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to ask how you deal with all the screaming, tapping, banging, picking, throwing

(58 Posts)
girlwhowearsglasses Thu 06-Mar-14 12:36:15

Entailed in having three small boys..? (5, 5, 7)

I really feel I'm having sensory overload. I'm trying to be lighthearted about it - please make me feel better.

I was awoken at 5.30am yesterday and they did not go to bed until 10pm. my ears are ringing from screeching in my ear. if they sit down they are permanently rhythmically banging, tapping, teeth grinding, making repetitive noises, and so on. When I read them a story they are kicking, picking noses, making 'boy noises'. When in the bathroom they are splashing, screaming, jumping and trying to choke themselves on their toothbrushes. They are for the most part normal (one currently poss ADHD - in the system for assessment, but the others not).

I must say I often feel like lying down in a quiet room. I almost never feel like playing music nowadays.. Anyone else? Of course wine helps, sometimes....

TeamHank Thu 06-Mar-14 12:38:10

10pm bedtime?! No wonder they drive you mad - I'd bring their bedtime forward significantly!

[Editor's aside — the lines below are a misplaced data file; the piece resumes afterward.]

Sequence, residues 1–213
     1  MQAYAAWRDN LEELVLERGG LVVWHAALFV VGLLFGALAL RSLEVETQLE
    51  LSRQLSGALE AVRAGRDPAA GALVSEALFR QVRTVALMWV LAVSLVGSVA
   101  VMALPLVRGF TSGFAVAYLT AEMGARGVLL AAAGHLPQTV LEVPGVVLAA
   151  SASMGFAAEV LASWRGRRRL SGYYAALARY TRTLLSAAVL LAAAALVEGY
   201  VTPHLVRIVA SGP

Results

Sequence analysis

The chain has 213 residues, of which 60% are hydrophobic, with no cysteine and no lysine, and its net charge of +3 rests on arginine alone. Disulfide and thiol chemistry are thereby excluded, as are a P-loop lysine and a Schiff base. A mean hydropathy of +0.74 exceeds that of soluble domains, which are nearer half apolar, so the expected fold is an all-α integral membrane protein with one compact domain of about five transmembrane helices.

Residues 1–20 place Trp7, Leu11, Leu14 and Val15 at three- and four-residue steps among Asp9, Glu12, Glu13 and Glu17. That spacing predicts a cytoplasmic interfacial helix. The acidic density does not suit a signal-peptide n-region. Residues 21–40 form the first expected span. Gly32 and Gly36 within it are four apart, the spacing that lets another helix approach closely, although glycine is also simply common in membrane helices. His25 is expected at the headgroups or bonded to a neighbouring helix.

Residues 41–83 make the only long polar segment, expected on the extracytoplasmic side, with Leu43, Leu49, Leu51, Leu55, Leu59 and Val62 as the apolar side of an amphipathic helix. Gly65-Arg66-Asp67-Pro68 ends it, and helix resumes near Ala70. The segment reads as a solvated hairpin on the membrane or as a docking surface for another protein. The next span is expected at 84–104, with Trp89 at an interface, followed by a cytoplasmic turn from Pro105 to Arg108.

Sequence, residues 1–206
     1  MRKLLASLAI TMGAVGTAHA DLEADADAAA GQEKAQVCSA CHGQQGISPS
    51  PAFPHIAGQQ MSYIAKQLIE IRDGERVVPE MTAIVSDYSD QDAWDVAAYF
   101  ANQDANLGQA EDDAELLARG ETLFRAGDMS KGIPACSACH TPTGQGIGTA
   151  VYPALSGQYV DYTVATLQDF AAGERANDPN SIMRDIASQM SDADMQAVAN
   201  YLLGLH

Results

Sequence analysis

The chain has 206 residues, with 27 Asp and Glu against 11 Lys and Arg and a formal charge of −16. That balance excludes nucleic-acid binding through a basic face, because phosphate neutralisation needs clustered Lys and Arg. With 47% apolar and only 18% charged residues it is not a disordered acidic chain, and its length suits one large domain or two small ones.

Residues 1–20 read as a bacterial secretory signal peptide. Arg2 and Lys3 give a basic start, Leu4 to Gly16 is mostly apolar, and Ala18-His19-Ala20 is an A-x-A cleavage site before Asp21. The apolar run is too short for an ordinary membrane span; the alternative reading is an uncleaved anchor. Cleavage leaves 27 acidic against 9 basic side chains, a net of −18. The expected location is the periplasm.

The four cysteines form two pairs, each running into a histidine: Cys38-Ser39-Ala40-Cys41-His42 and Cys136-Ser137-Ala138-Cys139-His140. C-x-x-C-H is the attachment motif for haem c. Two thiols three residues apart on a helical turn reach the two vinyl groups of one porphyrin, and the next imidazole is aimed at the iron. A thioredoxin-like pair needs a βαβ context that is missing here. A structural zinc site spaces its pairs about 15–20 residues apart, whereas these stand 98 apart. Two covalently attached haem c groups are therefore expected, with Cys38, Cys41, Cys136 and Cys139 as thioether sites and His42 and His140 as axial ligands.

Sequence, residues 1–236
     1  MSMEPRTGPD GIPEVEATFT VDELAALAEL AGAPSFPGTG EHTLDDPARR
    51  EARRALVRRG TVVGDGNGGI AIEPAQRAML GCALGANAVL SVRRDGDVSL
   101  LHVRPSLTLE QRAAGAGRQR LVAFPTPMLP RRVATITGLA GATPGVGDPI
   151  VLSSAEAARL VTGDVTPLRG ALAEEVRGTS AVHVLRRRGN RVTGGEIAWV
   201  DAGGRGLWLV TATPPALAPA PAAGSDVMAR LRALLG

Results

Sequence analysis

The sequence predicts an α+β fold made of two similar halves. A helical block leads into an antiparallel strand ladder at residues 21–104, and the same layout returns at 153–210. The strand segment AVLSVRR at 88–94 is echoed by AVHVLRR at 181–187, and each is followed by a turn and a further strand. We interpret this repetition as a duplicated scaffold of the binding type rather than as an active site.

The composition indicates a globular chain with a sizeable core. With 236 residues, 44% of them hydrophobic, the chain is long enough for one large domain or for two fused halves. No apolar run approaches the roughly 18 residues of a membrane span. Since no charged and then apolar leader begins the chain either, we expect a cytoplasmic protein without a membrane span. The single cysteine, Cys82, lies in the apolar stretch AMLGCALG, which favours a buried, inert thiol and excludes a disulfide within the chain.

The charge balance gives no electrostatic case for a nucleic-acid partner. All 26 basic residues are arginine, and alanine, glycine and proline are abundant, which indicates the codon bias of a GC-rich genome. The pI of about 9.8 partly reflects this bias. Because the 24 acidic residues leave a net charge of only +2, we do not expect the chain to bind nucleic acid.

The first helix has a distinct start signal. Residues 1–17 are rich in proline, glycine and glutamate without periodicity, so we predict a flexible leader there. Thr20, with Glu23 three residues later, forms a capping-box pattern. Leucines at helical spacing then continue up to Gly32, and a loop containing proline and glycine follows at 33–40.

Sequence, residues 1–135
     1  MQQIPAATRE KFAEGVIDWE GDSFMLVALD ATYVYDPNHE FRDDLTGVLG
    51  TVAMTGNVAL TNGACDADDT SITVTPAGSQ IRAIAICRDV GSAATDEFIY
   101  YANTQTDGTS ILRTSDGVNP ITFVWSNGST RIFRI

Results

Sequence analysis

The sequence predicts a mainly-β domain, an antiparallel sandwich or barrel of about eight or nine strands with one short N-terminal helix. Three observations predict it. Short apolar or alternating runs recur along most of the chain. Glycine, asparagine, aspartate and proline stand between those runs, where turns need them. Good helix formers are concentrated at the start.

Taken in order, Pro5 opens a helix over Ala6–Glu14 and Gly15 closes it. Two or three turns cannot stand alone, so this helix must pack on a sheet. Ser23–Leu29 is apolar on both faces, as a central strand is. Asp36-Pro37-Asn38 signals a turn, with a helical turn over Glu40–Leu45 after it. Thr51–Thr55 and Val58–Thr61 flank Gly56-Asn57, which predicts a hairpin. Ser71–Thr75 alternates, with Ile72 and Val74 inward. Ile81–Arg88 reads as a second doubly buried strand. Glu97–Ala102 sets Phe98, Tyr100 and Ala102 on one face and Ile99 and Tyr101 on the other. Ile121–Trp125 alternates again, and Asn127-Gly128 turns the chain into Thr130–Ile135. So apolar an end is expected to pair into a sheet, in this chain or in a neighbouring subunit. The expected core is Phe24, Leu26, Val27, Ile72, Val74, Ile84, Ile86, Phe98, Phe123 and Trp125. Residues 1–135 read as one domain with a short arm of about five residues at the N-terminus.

Forgettable Thu 06-Mar-14 12:39:01

I think it's a flock (noise? busyness?) of children thing


it does get better as they mature

grunt and lynx

formerbabe Thu 06-Mar-14 12:39:21

Why do they not go to bed till 10pm?! My ds (6) is in bed at 7.30! No wonder they are driving you crazy!

girlwhowearsglasses Thu 06-Mar-14 12:39:31

Oh 'bedtime' is 7pm! Jumping about in the dark, screaming, etc, coming down with various complaints etc etc continues ad nauseum.

I know all the 'strategies', really I do.

boschy Thu 06-Mar-14 12:39:43

god yes, bed by 7 would be my plan! esp if up at 5.30... poor you. how about some ear plugs? you can still hear, they just muffle things a bit grin

boschy Thu 06-Mar-14 12:40:16

ah, in that case wine and earplugs. also perhaps a tazer?

formerbabe Thu 06-Mar-14 12:40:33

Do they share a room?

Oldraver Thu 06-Mar-14 12:41:52

Bed much earlier than that, even if they protest they can't/wont go to sleep. They need to have calm before bedtime.

Also get a Gro-clock and train them to not wake you up until X time

Fucks knows on the noise

girlwhowearsglasses Thu 06-Mar-14 12:42:15

The twins do. Its not going to help to split them, unless I can strap them into their beds

girlwhowearsglasses Thu 06-Mar-14 12:43:41